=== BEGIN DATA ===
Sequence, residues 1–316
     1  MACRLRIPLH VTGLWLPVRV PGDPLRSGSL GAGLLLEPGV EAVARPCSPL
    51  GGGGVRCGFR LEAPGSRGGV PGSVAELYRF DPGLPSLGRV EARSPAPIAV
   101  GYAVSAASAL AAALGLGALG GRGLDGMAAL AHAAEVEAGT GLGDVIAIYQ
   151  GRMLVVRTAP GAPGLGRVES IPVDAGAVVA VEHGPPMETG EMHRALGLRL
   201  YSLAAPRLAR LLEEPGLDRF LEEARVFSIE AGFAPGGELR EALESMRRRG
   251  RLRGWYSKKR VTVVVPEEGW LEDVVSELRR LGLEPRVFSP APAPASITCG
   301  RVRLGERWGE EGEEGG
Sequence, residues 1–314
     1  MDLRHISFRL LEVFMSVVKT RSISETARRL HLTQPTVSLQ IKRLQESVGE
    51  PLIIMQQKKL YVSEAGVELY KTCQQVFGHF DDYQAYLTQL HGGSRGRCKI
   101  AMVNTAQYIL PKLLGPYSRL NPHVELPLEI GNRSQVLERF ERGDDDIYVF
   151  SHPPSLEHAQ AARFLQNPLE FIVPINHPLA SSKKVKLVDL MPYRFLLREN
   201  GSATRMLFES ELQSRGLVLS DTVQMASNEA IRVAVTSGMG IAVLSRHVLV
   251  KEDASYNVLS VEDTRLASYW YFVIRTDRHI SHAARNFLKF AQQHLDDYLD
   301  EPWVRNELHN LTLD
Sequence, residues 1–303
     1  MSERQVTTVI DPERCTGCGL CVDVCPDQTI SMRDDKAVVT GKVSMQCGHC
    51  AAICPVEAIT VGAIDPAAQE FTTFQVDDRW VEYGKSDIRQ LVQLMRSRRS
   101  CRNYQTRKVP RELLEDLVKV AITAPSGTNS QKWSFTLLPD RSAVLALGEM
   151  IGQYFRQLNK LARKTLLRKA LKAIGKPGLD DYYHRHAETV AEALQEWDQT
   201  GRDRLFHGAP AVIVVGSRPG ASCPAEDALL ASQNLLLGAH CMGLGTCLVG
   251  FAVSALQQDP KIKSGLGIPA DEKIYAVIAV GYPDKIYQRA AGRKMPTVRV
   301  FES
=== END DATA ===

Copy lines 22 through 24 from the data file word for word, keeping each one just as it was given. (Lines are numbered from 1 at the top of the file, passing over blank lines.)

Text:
   201  GRDRLFHGAP AVIVVGSRPG ASCPAEDALL ASQNLLLGAH CMGLGTCLVG
   251  FAVSALQQDP KIKSGLGIPA DEKIYAVIAV GYPDKIYQRA AGRKMPTVRV
   301  FES